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Leather and Suede: What's the Difference
Home Shopping Fashion / Style
By: Sally Hamilton Email Article
Word Count: 527 Digg it | it | Google it | StumbleUpon it


Leather and suede are both made from animals and processed in ways that make them easy to wear. But, they look and feel so different, which is down to the process that turns them into their respective forms. Leather is processed animal skin, tanned to preserve it and soften it for use in a wide variety of clothing, accessories and even furniture. Suede is similar to leather, though it is made from the inner surface of the skin, processed slightly differently to produce a much softer texture, often very nice to the touch.

The use of leather in clothing can be traced back to as much as 50,000 years ago when early humans migrated from the warmer regions of Africa and The Middle East, to the colder parts of the Earth like Europe and Asia. Although animal skins were already being used at this time to keep humans warm, they often found that the skins would stiffen fairly quickly, particularly in extreme weather conditions. Thus began the process now known as tanning - boiling the skins in tree bark, salting them and rubbing the skins with animal fat to keep them soft. This early technique, like humans, has evolved and now most countries around the world have their own method of tanning.

Suede came about as a by-product of leather. When leather would become damaged, it would become unwearable. However, it was soon discovered that by turning them inside out and processing the inside of the skin, it would create a product similar to leather, though much softer. This was the very beginning of suede.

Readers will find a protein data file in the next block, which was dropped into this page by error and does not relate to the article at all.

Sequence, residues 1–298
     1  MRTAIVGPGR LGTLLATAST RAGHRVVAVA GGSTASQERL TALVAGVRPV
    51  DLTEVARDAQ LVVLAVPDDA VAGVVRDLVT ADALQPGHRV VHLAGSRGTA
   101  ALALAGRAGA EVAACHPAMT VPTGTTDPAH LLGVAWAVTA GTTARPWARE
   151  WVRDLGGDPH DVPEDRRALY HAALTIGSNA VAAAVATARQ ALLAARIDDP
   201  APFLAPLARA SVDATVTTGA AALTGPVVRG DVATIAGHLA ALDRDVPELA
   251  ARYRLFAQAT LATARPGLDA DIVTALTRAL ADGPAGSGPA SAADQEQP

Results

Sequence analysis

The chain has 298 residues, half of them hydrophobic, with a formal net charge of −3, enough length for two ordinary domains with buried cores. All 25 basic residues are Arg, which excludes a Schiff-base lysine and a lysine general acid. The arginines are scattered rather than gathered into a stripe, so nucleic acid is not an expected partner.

Oil tanning became popular when European explorers migrated to North America from the 14th century onwards. The indigenous Americans had already discovered their own method for tanning hides, using oil. This allowed them to make much more from their animal skins such as clothing and housing (tepees). These Native Americans would also use feathers, bones, beads and quills to decorate their leather garments - making it a much more versatile fabric than the Europeans were used to. They were known for having exceptional skills in the art of tanning and were able to produce white leather - an incredibly difficult color to achieve at that time.

Since then, leather and suede have become two of the most commonplace fabrics in modern society. Leather jackets were made famous in the 1950's by stars like James Dean and in the 1980's by designers such as Versace, Armani, Gucci and Hermes worked with leather a lot, creating a world-wide fashion craze. In more recent times, the awareness of animal-friendly fabrics has given way to vegan-leather and suede, a substitute for the original in which no animals are harmed. Vegan leather can be made from the bark of cork oak trees, kelp from the sea or even pineapple leaves. There is much debate around whether this is actually any more eco-friendly than the animal hide alternative. What cannot be disputed, however, is that not harming animals purely for the making of fabrics is a good thing!

Sally retired after 41 years as a human resource manager. Her interests now lie in the Fashion World. She is an advocate against animal cruelty. Her website is devoted to vegan leather and suede hobo purses.

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